By Robin Jakob, Managing Director at LPX AG
The word “Transitory” hasn’t aged particularly well for the central bankers who expected inflation rates to be only temporarily elevated back in mid- 2021. Fast forward several months, there are increasing signs that persistent inflation is likely to stay with us for longer than originally expected. The latest UK CPI reading for May represents a 40-year high.
The low interest rate environment over the past decade or so has meant that clearing the inflation hurdle hasn’t been difficult for many years. But when inflation does materialize, particularly at higher levels, its impact can be widespread devastation. Investors with shorter time horizons, who typically have greater exposure to bonds, are particularly vulnerable, often retirees, who no longer generate income that could potentially rise to inflation-adjusted levels.
This leaves discretionary fund managers (DFMs) with two key questions. (1) If inflation is inconsistent–and unpredictable–how do you protect your client’s portfolio from it? (2) Given that both bonds and stocks are vulnerable to inflation, is there anything you can do to protect against it, even if you could see it coming (without having to switch to niche markets such as precious metals or cryptocurrencies)?
Equities, often the core component of scheme portfolios, are challenged by rising inflation. The valuation of growth companies, for example, are based on future profit expectations, which increased inflation has dampened at the present time. In addition, companies from particularly competitive sectors, in which price increases cannot easily be passed on to customers, also cope poorly with increased inflation – consumer goods manufacturers are one example.
Inflation: infrastructure VS stock market
Fund selectors and managers could try solving this problem by diversifying equity investments across different countries and industries, such as with ETFs on broad equity indexes. And indeed, the MSCI World, for example, has performed 6.2 percent per annum since 1999, still about four percentage points above the average inflation rate as measured by the U.S. Consumer Price Index.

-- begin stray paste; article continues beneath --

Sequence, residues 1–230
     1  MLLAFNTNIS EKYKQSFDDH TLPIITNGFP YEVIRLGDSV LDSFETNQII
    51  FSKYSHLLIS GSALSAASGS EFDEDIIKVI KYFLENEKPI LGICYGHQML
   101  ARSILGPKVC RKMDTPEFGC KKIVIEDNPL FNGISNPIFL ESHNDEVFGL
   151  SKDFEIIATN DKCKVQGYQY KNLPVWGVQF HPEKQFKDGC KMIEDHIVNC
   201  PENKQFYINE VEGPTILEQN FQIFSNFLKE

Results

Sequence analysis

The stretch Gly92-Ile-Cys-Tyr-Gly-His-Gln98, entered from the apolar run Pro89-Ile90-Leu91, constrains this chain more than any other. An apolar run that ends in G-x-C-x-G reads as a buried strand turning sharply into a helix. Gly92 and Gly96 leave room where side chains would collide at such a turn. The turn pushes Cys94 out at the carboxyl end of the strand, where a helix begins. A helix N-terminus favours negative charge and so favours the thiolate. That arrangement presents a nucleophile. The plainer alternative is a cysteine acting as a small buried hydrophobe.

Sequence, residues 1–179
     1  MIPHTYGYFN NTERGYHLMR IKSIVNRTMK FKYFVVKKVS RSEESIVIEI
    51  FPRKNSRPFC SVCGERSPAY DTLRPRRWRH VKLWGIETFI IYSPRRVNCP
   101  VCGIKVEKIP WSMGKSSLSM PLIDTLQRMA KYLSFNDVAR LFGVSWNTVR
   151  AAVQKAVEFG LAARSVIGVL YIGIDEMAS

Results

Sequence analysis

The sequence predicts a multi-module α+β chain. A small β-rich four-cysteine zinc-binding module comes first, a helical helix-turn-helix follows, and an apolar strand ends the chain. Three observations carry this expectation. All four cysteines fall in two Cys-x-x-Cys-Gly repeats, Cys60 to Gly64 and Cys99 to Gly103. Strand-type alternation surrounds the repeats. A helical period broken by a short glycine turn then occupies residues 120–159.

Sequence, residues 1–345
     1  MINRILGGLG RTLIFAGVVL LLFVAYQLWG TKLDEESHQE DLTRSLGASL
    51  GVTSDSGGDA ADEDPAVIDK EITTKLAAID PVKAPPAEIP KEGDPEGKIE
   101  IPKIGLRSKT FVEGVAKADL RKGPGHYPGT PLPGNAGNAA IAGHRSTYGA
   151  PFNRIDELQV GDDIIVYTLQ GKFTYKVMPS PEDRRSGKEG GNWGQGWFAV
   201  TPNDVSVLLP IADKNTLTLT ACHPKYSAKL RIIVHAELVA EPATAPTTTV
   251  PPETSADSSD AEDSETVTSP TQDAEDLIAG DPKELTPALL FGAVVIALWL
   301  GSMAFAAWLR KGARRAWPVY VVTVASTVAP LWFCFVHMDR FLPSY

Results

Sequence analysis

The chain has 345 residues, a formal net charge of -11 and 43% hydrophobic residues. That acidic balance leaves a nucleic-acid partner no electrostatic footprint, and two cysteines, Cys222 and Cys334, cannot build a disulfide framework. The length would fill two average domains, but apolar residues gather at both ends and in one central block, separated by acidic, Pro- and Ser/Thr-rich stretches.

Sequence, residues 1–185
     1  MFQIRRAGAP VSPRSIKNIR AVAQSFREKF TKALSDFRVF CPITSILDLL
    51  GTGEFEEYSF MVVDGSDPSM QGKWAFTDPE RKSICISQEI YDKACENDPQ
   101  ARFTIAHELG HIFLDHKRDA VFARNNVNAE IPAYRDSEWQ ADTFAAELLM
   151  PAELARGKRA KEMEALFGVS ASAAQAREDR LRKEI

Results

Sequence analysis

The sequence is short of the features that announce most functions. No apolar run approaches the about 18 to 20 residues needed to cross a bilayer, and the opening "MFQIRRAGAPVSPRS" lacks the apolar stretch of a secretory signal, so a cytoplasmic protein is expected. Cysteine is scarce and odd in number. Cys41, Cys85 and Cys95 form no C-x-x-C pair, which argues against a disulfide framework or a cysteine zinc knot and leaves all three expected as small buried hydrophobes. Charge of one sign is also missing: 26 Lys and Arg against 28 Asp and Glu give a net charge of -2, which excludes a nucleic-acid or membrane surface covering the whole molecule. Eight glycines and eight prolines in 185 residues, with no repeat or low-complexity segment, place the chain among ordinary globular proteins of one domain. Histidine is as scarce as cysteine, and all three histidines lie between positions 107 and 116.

However, one sector dwarfs this performance in comparison with inflation. Infrastructure stocks, as measured by the NMX Infrastructure Composite, have returned 9.9 percent per year over the same period, about seven percentage points more than the average inflation rate.
In fact, it is in times of high inflation when infrastructure stocks show their full strength (see exhibit 2). When the average annual inflation rate is above three percent, for example, the average excess return of infrastructure stocks over the MSCI World is 8.1 percentage points. Even when inflation rates trend lower, say between two and three percent, it still delivers 3.7 percentage points of outperformance per year.
Implicitly, this shows that equity markets, broadly, don’t offer the best inflation protection per se. Contrastingly, the evidence points to infrastructure stocks doing just that. This makes them particularly attractive in the current environment for private client portfolios.
The ‘type’ of infrastructure stock that protects against inflation
Currently, schemes that want to include infrastructure stocks in their allocation are challenged by the fact an applicable definition of “infrastructure” does not exist in the financial market. If you search for infrastructure companies for example on Bloomberg, you will find an abundance of companies coming under this banner, many of which fall into the area of “infrastructure-related services”.
The specific needs of private client portfolios, however, require those stocks that are classified as core infrastructure. For example, a toll road operator belongs to the core infrastructure sector, while a logistics company – as a user of these roads – can be classified as an infrastructure-related service. Another classic example of core infrastructure is electricity grid operators as opposed to electricity generators.
It is crucial to distinguish between the two camps: core infrastructure vs infrastructure-related. If the index (measured by the NMX Infrastructure Composite) also included infrastructure-related services, the performance would deviate markedly. So why is natural inflation protection exclusive to core infrastructure?
It has special economic characteristics that other infrastructure-related services companies lack, including high market entry barriers, positive economies of scale and a natural monopoly position. Combine these with highly predictable cashflows due to the stable demand for their services, and the positive side effect of this is higher average credit ratings and lower default rates, something evident during the Covid 19 pandemic, when operators of power grids or cell towers fared much better than power producers, for example. Moreover, many core infrastructure subsectors, pricing models or concession contracts are highly regulated, often linking to inflation.
Wealth DFMs will be considering the inflation sensitivity of the asset mixes in their model portfolios amid potentially long-term high inflation rates. Infrastructure stocks offer effective protection – provided exposure is limited to core infrastructure.